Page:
It is possible that the invention of 3D printing will go down in history as one of the most revolutionary inventions in human life. To think – any thing, the creation of which used to take days, weeks or even months, can now be done in a matter of hours. And when technical barriers are overcome, a person can create almost any object – from furniture to electronic devices. Already, individual enthusiasts and entire research centers create a variety of devices using 3D printers. The most interesting of them will be discussed below.
⇡ # 3D printing: a good start
Despite the fact that 3D printing only in recent years began to change our life, it was invented not a year or even ten years ago. Her father is Charles W. Hull. Today he is over 75 years old, but the inventor of the very first technology of three-dimensional printing – stereolithography – and does not think to retire. "I'm old enough to retire, but I'm so curious that I will not do it," Chuck says, laughing. His name is not well known to the public, but Chuck's contribution to the development of three-dimensional printing is simply huge. The name of Chuck Hall is put on a par with such names as Thomas Edison or Steve Jobs. Chuck Hull owns more than 60 patents in the US, and he is also the author of the universal STL three-dimensional format.
More than thirty years ago, Chuck in his laboratory managed to print the first thing – a small cup. He was so enthusiastic about his creation that, despite the late hour, woke up his wife and showed her the first sample of 3D printing. Sleepy wife in pajamas looked at the creation of her husband and frankly admitted that she was expecting something better. But neither Chuck nor his wife could imagine what this discovery would lead to.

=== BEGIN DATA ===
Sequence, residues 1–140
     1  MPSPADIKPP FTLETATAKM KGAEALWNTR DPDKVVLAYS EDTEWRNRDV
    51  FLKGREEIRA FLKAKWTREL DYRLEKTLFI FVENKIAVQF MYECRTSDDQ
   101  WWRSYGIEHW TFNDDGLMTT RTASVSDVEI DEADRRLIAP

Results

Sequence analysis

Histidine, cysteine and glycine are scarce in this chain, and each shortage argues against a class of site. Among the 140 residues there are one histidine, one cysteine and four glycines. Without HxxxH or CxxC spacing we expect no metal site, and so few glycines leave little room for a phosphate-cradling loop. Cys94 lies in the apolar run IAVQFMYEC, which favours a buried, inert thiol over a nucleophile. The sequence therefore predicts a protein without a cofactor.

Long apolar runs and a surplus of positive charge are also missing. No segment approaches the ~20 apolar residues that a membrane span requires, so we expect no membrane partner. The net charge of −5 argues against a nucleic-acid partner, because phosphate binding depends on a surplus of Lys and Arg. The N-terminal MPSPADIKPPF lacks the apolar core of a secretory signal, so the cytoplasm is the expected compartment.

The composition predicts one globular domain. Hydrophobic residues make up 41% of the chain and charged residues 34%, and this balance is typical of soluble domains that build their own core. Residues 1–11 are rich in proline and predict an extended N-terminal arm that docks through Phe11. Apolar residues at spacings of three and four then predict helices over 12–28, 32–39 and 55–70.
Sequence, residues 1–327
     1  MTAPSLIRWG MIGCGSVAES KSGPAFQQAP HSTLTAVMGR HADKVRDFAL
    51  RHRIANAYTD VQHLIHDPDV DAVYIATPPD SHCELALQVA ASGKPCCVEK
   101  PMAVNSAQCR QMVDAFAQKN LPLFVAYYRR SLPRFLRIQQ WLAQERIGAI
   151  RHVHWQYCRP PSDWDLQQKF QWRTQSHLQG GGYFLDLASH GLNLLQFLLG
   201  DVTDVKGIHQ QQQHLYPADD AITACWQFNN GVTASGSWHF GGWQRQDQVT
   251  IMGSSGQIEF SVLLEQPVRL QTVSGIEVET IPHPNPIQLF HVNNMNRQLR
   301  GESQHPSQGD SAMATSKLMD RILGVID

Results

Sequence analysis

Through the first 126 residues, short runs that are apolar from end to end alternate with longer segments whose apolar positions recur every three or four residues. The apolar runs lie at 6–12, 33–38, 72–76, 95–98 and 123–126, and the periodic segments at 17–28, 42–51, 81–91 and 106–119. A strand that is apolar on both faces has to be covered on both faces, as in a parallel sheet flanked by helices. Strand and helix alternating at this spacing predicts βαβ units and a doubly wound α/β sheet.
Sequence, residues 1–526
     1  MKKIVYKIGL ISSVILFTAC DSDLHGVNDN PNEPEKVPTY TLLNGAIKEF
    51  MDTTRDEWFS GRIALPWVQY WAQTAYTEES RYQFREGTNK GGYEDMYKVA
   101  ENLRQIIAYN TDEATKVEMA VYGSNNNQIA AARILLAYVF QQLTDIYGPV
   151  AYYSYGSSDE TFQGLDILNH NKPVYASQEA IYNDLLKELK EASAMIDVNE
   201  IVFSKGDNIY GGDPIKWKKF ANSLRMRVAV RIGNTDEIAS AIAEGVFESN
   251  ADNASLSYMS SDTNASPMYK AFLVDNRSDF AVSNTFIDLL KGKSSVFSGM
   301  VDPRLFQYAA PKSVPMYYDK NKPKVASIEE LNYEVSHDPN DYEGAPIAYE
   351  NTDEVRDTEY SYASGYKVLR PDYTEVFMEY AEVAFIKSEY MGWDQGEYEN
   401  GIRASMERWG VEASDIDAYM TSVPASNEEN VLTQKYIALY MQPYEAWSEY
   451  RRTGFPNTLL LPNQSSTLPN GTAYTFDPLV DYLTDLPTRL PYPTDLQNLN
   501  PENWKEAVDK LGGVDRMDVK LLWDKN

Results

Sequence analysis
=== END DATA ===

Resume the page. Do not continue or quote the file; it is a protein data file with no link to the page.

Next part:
The method, tested by the scientist, was very simple. Liquid photopolymer fills a certain capacity. On the surface of the material, the ultraviolet ray moves, which causes the material to become solid at the right place. Layer by layer, the polymerization process forms a solid object.
Three decades later, Hull admitted in an interview that he did not expect that his invention would have an impact on medicine. But today there is no doubt that the rapid production of robotic prostheses, glasses, aids for people with disabilities, not to mention artificial organs – all this means a revolution in medicine and the discovery of new approaches to treatment.
⇡ # Three-dimensional printing and medicine
Implant production using 3D printing is one of the most promising areas in modern surgery. With the frequency of a day or two there are news that with the help of three-dimensional printing, one or another organ was grown or a new prosthesis was made.
The future, where a three-dimensional seal is present in every house, seems futuristic and incredible. But even more strange is the world in which medicine has reached a new level and uses 3D printing in order to return a full life to people with physical disabilities. Moreover, some experiments conducted today by scientists, suggest that the three-dimensional print will change the person himself.
⇡ # Upgrade of a person
Belgian scientists from the University of Hasselt implanted an eighty-three-year-old woman's jaw. It was created in just a few hours, while earlier such a part would have been manufactured for several days. The jaw was printed on a 3D printer made from a special titanium alloy. Now somewhere in distant Belgium, a happy grandmother with titanium teeth chews the ham straight with bones and gnaws on the spore walnuts. Jokes are jokes, but the pace at which doctors are approaching the creation of a cyberman is simply staggering.